David Ritsher spends a lot of time thinking about content security, but it’s not technical, financial, or theft concerns that sit at the top of his list — it’s subpoenas. As senior supervising editor at Reveal, a nonprofit, nonpartisan investigative unit at the Center for Investigative Reporting, confidential sources are vital to Ritsher and his team’s public mission and trust. Ensuring promised anonymity is both a matter of principle and a logistical concern.
“For investigative journalists, our ability to protect sources is a paramount security concern. We want any subpoenas to have to come to us so we can assert reporters’ privilege and keep sensitive sources safe,” Ritsher explains.
At the same time, Reveal’s workflow model has changed, and with it, the way the organization handles security.
“We used to have most of our staff in-house here in California. Now I’d say nearly 50% of our staff is distributed around the country, and many people work from their homes. Because the workplace is changing, that really puts new stresses on some of the old forms of controlling the information,” he continues.
Ritsher’s need to protect sources and utilize modern tools is not much different than anyone else in the industry. But as part of a nonprofit news group, he has to always weigh his options and make tough choices on how to achieve that balance.
Signiant partnered with Broadcast Beat to discuss this balancing act during The Battle Between Efficiency and Security, a roundtable webinar on production security and the challenges for content creators.
Hosted by Ryan Salazer, Broadcast Beat’s editor-in-chief, and Signiant, the webinar featured the experience and perspective of Ritsher; Renard Jenkins, vice president of operations, engineering and distribution at PBS; and Adam Morton, the head of technical operations at Platform Post.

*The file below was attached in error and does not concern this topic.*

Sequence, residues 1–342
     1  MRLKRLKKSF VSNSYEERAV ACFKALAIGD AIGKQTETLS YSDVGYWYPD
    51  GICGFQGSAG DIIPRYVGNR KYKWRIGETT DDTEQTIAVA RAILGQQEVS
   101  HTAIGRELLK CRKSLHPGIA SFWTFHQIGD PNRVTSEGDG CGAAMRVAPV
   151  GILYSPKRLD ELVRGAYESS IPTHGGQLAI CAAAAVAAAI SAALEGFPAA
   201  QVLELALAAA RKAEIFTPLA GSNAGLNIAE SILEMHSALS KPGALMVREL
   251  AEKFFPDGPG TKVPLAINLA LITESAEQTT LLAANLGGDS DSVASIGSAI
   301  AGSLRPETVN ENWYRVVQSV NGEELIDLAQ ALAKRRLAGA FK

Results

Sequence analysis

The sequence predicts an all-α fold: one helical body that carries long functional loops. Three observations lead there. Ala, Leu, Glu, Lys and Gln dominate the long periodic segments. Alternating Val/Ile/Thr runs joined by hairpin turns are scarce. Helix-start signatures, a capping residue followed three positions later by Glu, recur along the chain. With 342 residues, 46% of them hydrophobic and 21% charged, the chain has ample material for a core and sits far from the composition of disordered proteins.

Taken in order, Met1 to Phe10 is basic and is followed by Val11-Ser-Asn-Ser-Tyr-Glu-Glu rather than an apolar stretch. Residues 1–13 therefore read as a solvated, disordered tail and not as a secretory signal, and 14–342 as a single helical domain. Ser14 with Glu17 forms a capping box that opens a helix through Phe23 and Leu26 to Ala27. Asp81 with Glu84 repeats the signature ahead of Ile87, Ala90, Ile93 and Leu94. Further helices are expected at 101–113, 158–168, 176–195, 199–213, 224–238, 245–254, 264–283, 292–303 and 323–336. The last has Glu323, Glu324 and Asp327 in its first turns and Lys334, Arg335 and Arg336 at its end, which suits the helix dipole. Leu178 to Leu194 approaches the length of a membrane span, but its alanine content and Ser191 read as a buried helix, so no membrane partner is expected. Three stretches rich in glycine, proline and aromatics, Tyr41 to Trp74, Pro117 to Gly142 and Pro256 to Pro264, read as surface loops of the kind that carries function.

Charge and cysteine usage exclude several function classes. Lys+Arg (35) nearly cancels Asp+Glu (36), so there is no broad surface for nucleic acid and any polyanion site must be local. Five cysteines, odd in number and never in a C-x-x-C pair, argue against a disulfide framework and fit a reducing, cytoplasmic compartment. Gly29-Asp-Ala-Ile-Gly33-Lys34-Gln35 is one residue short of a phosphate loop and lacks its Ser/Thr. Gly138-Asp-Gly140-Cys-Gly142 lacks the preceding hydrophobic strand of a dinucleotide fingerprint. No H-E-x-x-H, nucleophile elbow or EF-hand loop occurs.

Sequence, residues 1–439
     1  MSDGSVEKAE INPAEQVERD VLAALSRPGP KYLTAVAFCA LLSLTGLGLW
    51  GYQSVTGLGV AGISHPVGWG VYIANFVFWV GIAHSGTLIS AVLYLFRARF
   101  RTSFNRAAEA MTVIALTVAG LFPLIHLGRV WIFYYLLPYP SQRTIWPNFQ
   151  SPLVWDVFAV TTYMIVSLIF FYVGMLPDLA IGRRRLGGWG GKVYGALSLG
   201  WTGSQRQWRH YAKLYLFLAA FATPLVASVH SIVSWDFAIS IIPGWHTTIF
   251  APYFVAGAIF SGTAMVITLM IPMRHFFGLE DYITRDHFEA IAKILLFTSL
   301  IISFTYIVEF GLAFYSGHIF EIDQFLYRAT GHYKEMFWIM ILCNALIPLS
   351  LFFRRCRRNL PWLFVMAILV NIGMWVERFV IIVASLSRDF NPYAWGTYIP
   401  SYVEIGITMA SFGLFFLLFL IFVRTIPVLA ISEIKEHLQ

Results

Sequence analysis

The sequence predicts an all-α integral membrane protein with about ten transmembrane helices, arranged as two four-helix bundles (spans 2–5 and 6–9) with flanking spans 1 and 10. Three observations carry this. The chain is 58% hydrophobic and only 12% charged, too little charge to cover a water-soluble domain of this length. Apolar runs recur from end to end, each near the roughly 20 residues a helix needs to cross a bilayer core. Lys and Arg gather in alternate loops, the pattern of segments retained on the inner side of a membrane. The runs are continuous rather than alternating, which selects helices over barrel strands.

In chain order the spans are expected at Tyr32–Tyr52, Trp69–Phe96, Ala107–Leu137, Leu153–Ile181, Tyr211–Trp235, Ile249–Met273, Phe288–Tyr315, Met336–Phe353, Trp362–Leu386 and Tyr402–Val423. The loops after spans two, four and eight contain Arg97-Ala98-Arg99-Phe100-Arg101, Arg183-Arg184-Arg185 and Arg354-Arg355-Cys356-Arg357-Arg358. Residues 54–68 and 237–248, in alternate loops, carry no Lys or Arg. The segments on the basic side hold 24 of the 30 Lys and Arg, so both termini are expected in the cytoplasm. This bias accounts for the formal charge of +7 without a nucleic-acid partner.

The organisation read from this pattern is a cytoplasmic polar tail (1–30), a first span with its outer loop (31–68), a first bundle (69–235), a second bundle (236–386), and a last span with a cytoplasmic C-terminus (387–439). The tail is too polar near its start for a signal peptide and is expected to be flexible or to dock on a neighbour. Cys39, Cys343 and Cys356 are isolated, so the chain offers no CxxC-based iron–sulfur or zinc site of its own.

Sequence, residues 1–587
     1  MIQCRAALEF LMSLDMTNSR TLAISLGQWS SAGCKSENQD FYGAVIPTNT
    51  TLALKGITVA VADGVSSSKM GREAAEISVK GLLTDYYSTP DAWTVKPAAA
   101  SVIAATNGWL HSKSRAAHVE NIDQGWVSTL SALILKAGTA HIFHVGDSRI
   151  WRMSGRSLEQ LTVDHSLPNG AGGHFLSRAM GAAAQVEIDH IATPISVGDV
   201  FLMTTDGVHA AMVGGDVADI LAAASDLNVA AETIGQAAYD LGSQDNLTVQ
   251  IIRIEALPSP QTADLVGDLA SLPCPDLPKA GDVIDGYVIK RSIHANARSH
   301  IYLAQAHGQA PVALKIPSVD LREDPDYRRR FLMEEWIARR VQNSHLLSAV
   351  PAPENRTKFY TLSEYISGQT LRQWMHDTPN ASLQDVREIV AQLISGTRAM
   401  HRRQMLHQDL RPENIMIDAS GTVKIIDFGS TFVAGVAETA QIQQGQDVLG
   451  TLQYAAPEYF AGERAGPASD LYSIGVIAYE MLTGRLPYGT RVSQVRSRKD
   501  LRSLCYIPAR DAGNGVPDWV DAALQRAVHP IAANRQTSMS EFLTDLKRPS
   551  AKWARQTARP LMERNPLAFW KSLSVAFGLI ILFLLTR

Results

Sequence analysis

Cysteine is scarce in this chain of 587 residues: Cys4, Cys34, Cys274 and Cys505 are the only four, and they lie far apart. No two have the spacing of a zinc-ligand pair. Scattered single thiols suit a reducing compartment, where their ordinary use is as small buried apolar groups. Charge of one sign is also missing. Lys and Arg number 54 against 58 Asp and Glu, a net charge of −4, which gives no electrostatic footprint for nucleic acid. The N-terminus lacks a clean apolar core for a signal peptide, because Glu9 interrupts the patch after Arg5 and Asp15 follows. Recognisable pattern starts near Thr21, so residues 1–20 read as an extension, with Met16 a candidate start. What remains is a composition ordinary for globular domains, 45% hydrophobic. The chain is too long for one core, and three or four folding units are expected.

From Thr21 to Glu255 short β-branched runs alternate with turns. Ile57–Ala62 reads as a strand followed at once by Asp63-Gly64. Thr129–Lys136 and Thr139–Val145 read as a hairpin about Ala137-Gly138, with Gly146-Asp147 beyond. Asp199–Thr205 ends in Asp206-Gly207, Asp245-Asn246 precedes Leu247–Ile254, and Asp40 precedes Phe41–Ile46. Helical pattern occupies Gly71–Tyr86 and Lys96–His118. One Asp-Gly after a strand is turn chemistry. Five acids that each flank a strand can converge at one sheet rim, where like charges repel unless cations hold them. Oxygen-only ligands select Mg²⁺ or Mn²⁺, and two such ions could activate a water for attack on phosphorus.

Efficiency and Security Define Media Production
Production security is not a new topic in the Media & Entertainment industry but one that seems to be more of an everyday consideration than 10 years ago. File-based workflows, cloud services, and internet speed combine to open a new way of working… and new risks. While feeling a bit like the Wild West at the start, production security has matured, but still remains a challenge for M&E professionals no matter what size company.
“[Awareness has] definitely improved in the last few years. In a period running 2016-2019 it was important for the industry to keep saying, ‘Security’s an issue we must take it seriously.’ And it feels like we’ve now passed through that,” explains Mark Harrison, Digital Production Partnership (DPP) managing director. “But in the production domain, it’s a much more complicated picture.”
The DPP, and other organizations such as the Motion Picture Association (MPA) and the Content Delivery & Security Association (CDSA), have collaborated to create best practices and certifications to guide production specialists and media technology organizations toward responsible security practices.
Harrison acknowledges that sometimes security necessities clash with production realities.
“Creative people are much more aware of the risks and the range of risks. But while awareness has improved there’s still remarkably little trust in IT-led solutions,” Harrison says.
That’s not to say IT isn’t doing their part. “Security teams, particularly in large organizations, have come to understand their obligation is to understand how their creative counterparts are working, what it is they are trying to achieve,” he argues.
And Harrison isn’t the only one who has noticed this conflict.
“Coming from the post-production side of the world, for me, it was ‘Don’t touch me. Let me do whatever I want to do’,” shares Jenkins.
Now Jenkins is in a different place. He and his team are responsible for PBS’ entire media supply chain where they acquire content from over 100 member stations and hundreds of independent producers, process it, and make it available to multiple platforms.
While his security philosophies have changed, Jenkins still recognizes the critical tension between security and efficiency. “We have to balance production freedom, flexibility and also the ability to make sure that we’re not tying ourselves into a situation that’s going to cause us problems down the road.”